Of note, the influence of maintenance therapy on overall survival was unclear, because median follow-up period was only 30 months.
  - The most frequent grade 4 toxicity was neutropenia.
  - 3-year rate of second cancers: 3% with MP, 7% with MPR, 7% with  MPR-R

 

RELAPSED/REFRACTORY DISEASE

Immunomodulatory drug CC-5013 overcomes drug resistance and is well tolerated in patients with relapsed multiple myeloma.
Blood. 2002 Nov 1;100(9):3063-7.
Richardson PG, Schlossman RL, Weller E, Hideshima T, Mitsiades C, Davies F, LeBlanc R, Catley LP, Doss D, Kelly K, McKenney M, Mechlowicz J, Freeman A, Deocampo R, Rich R, Ryoo JJ, Chauhan D, Balinski K, Zeldis J, Anderson KC.
In this phase I study of lenalidomide, 27 patients with relapsed/refractory myeloma received escalating doses of lenalidomide, from 5 mg to 50 mg daily. The most important toxicity was myelosuppression (grade 3 myelosuppression developed after 28 days in all of the 13 patients treated with 50 mg daily). The maximal tolerated dose was found to be 25 mg. Of note, the usual toxicities observed with thalidomide, i.e., somnolence, peripheral neuropathy, and constipation, were not observed. A response, defined as at least a 25% reduction in paraprotein level, was observed 17 of 24 (71%) patients, including 11 (46%) patients who received prior therapy with thalidomide.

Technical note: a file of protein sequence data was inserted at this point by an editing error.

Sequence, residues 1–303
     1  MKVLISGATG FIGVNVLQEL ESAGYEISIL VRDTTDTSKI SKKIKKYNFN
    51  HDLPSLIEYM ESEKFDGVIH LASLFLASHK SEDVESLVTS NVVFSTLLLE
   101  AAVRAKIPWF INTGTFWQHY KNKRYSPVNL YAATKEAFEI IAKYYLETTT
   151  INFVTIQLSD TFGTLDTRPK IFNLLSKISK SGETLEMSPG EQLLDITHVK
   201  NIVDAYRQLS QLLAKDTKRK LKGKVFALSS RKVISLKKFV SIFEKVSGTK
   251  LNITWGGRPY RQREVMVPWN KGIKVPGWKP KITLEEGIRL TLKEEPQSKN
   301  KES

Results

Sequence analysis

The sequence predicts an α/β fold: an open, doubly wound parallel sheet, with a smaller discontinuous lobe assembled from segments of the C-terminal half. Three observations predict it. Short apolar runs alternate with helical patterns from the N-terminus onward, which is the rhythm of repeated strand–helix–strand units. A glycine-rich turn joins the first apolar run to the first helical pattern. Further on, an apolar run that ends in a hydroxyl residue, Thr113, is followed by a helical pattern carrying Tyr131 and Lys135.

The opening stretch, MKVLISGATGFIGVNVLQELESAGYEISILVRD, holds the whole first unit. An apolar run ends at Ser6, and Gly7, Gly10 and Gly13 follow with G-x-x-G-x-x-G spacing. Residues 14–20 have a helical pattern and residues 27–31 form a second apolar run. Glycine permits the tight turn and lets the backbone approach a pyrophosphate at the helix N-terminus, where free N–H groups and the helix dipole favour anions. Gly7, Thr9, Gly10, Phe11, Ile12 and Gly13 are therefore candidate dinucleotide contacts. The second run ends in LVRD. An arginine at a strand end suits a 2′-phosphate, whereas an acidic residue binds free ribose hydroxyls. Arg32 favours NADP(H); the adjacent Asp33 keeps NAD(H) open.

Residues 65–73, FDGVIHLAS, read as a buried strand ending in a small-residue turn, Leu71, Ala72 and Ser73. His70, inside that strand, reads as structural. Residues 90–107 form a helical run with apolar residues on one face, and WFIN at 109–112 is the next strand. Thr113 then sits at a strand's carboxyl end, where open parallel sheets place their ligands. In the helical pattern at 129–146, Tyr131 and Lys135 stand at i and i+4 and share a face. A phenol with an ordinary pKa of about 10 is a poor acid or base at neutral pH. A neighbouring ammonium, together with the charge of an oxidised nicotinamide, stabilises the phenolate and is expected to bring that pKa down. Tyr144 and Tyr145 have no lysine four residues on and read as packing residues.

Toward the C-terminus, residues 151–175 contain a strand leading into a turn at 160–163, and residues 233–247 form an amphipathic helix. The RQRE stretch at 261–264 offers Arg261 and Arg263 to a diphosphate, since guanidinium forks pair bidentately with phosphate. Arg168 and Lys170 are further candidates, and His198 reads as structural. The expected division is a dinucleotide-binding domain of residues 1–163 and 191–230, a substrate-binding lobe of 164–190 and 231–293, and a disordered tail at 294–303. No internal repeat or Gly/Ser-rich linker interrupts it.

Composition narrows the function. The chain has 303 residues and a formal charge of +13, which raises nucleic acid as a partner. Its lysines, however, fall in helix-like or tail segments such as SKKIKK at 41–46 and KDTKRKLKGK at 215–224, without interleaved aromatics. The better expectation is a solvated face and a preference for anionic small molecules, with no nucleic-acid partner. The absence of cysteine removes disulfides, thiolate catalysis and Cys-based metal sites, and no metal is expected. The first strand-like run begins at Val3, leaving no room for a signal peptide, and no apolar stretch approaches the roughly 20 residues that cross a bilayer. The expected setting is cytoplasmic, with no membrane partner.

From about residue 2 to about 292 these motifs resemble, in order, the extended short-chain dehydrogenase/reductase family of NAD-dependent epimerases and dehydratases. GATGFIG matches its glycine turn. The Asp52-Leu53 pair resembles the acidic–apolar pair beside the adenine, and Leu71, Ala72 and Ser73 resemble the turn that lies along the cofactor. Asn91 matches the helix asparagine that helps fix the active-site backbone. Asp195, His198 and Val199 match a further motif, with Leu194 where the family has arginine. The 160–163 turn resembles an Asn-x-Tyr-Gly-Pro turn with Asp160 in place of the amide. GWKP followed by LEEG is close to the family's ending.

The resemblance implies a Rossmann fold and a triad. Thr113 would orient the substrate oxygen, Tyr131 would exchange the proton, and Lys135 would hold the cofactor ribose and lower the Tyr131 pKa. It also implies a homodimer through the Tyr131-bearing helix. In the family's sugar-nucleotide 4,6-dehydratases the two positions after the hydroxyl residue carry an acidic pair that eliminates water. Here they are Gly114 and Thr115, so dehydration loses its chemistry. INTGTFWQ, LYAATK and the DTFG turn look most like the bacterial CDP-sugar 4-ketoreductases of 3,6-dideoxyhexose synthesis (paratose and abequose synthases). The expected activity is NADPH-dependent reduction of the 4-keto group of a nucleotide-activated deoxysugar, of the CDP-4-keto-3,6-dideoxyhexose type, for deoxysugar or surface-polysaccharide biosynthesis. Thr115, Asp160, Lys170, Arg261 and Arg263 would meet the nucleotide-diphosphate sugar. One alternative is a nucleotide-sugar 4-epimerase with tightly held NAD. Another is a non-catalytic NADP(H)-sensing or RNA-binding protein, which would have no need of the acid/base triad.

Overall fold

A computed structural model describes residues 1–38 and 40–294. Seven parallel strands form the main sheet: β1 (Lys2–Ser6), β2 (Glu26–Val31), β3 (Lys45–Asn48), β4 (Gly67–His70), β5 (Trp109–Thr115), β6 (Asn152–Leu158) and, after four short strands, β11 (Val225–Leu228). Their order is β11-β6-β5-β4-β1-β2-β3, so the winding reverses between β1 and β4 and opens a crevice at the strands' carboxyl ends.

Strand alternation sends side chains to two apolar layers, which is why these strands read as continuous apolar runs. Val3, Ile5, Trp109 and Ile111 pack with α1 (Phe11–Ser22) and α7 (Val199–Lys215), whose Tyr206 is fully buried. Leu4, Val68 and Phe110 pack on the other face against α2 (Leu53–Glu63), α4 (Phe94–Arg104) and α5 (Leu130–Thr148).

A randomized phase 2 study of lenalidomide therapy for patients with relapsed or relapsed and refractory multiple myeloma.
Blood. 2006 Nov 15;108(10):3458-64.
Richardson PG, Blood E, Mitsiades CS, Jagannath S, Zeldenrust SR, Alsina M, Schlossman RL, Rajkumar SV, Desikan KR, Hideshima T, Munshi NC, Kelly-Colson K, Doss D, McKenney ML, Gorelik S, Warren D, Freeman A, Rich R, Wu A, Olesnyckyj M, Wride K, Dalton WS, Zeldis J, Knight R, Weller E, Anderson KC.
This is a randomized phase 2 study that evaluated 2 doses of lenalidomide in 70 patients with relapsed/refractory myeloma. Patients received lenalidomide either 30 mg once a day or 15 mg twice a day on days 1-21 every 28 days. Dexamethasone was added if no response was seen after 2 cycles. Toxicity was increased in the group receiving 15 mg twice a day, because the rate of grade 3-4 myelosuppression in patients was 41% (vs 13%). With 25 mg once a day, response rate (including minor responses) was 25%, median PFS was 7.7 months, and median overall survival was 28 months.

Lenalidomide plus dexamethasone for relapsed or refractory multiple myeloma.
Dimopoulos M, Spencer A, Attal M, Prince HM, Harousseau JL, Dmoszynska A, San Miguel J, Hellmann A, Facon T, Foŕ R, Corso A, Masliak Z, Olesnyckyj M, Yu Z, Patin J, Zeldis JB, Knight RD; Multiple Myeloma (010) Study Investigators.
N Engl J Med. 2007 Nov 22;357(21):2123-32.
This phase 3 trial investigated the use of lenalidomide + dexamethasone in 351 patients with relapsed/refractory myeloma. Patients received at least one previous antimyeloma therapy. Patients were randomized to receive lenalidomide (176 patients) or placebo (175 patients) on days 1-21 every 28 days, along with dexamethasone 40 mg PO on days 1-4, 9-12, and 17-20 in the first 4 cycles and on days 1-4 in the following cycles. Results: